Offering healthier items can be good for both sales and satisfaction. Even though the new study emphasized concession stands, the principles can be carried over into other food retail settings. Authors of the study are: Laroche, H., Ford, C., Anderson, K., Cai, X., Just, D., Hanks, A., and Wansink, B. This study shows that "if you give people healthy foods they will buy them and be more satisfied," says Wansink, according to the March 14, 2014 news release, "Salad at concession stands?" Another Cornell Food and Brand Lab news article appears on this study in the March 14, 2014 issue of Science Daily.

Pep-rallies, the marching band, cheers and chants, and savory, indulgent foods sold at the concession stand are all beloved features of the American high school sports tradition. In contrast to the nutrition requirements on breakfast and lunches sold in school cafeterias, foods sold at concession stands do not follow the standard nutrition guidelines because they are typically sold for fundraising purposes. Is there something that can be done to improve the healthful features of concession stand food, and preserve the profits they generate?

Improving the nutritional quality of foods sold at concession stands

In this study published in the Journal of Public Health, Dr. Helena Laroche, an assistant professor of internal medicine and pediatrics at the University of Iowa, and her research team along with researchers from the Cornell Center for Behavioral Economics in Child Nutrition Programs (B.E.N. Center) identified two successful strategies for improving the nutritional quality of foods sold at concession stands: 1) offer 5-10 healthy food options 2) modify the ingredients of popular items to contain less saturated and trans fats.

Revenue and sales data from the concessions at Muscatine High School in Muscatine, IA were collected for two fall sports seasons one year apart. In the first season, no changes were made to the foods sold. In the second season, 8 new healthier foods were sold in addition to the standard foods offered. These foods included carrots, apples, a grilled chicken sandwich, and string cheese. Furthermore, the regular nacho cheese sauce was replaced with a no trans-fat variety and the popcorn was prepared with canola oil that has less saturated fat and no trans-fat compared to the coconut oil bars previously used.

Overall, the healthier items accounted for 9.2% of total sales, a clear indication of demand for these items

Sales of these items did increase from game to game suggesting increasing interest in these foods. Income also increased by 4% when the healthier items were sold. Sales of the modified nacho’s and popcorn increased by 8% despite the relatively healthier nature of the foods.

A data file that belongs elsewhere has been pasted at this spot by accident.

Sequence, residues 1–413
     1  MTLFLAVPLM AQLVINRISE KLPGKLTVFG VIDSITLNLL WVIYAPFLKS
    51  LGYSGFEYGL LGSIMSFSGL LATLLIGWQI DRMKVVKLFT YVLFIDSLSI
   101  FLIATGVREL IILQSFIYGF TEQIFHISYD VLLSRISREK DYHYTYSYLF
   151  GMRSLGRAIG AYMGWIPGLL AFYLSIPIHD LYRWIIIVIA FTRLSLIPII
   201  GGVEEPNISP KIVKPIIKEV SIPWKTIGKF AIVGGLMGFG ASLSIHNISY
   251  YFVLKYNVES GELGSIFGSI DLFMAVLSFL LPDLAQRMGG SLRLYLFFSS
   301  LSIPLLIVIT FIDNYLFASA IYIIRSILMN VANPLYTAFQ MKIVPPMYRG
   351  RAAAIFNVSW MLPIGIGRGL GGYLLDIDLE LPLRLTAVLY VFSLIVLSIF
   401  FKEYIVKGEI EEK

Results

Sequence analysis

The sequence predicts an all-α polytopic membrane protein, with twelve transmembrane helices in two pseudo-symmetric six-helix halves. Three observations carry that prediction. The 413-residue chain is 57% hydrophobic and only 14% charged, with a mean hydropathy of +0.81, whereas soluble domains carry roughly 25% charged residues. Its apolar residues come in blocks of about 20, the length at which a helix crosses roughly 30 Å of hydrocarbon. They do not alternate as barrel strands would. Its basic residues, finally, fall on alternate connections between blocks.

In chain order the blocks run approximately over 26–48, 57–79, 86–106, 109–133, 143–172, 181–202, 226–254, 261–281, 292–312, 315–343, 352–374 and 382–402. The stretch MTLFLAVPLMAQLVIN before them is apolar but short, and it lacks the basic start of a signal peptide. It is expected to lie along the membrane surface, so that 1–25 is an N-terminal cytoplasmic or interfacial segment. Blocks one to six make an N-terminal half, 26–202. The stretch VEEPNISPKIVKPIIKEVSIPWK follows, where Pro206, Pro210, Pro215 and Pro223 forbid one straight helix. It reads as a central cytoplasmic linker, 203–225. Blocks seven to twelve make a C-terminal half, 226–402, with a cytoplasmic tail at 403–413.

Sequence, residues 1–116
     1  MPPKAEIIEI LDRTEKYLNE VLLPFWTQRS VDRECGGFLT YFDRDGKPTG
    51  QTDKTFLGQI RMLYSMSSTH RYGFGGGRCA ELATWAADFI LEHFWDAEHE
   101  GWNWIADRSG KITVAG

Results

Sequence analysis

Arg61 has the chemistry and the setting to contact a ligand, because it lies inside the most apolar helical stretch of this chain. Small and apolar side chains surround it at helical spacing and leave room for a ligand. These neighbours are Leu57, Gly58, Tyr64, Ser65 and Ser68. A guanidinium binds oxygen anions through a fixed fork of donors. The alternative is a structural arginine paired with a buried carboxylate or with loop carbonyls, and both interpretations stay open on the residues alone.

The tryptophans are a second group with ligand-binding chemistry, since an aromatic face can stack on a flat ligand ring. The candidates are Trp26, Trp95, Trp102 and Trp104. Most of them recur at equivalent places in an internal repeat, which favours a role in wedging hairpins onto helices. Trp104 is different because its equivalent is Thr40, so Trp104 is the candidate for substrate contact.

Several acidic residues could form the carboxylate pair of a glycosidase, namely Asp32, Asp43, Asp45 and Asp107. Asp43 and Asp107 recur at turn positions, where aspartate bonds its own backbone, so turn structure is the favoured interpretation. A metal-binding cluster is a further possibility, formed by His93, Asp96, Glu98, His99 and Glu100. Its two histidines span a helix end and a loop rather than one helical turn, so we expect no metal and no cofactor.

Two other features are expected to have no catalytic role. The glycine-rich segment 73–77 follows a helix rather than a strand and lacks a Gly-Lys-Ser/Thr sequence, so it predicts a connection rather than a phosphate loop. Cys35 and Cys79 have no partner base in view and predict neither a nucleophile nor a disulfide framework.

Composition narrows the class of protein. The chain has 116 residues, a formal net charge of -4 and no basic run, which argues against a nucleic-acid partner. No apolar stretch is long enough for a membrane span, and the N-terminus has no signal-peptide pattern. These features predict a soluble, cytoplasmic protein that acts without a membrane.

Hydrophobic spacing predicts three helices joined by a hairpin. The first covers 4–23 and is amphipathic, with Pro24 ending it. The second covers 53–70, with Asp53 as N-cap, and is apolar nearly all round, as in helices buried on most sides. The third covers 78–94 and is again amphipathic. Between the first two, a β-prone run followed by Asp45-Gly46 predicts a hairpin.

Finally, student satisfaction of the foods sold was not affected when the healthier foods were offered and parental satisfaction increased. These results reveal the opportunities available for concession stand operators to improve the nutritional quality of what they sell, while maintaining customer satisfaction and profit.

The researchers recommend adding 5-10 new healthful items to the concessions menu—“Adding variety, 5-10 new healthful items, will make it easier for customers to find something that they like. Try adding items such as, granola bars, fresh fruit, string cheese and mixed nuts. Rather than removing the less healthy options, make them using healthier ingredients and preparation methods-- patrons will still get the foods they love and they can feel better about eating them.” The study's results are published in a recent issue of Journal of Public Health.

You also may wish to check out another study from 2011, "Primary prevention of eating-related problems in the real world." You also might want to look at the sites for the Wellmark Foundation, and the US Centers for Disease Control and Prevention.

Cafeteria food and school lunches: High school students use the power of math to deliver viable solutions for school districts

Here'a a conundrum: Can school lunches be nutritious, delicious, and affordable? More than 5,000 high school students from across the country dedicated this past weekend to solving the problem of funding nutritious school lunches that are tasty enough for kids to eat. Participants of Moody's Mega Math (M3) Challenge (2014 M3 Challenge Problem) used mathematically-founded insights to address concerns posed by government officials, school districts, and students. Close to 1,200 solutions were submitted for judging, which began on March 10, 2014.

This year's competition topic stems from concerns surrounding childhood nutrition and obesity, which have been in the spotlight since First Lady Michelle Obama announced her health and wellness platform for children and spearheaded passage of the Healthy, Hunger-Free Kids Act of 2010, which mandates healthy choices in school lunches. Just last month, the first lady joined U.S. Department of Agriculture Secretary Tom Vilsack to announce guidelines for school wellness policies. As with any new program, school districts have concerns, such as budgetary limitations and declining revenue from food services due to lack of food appeal.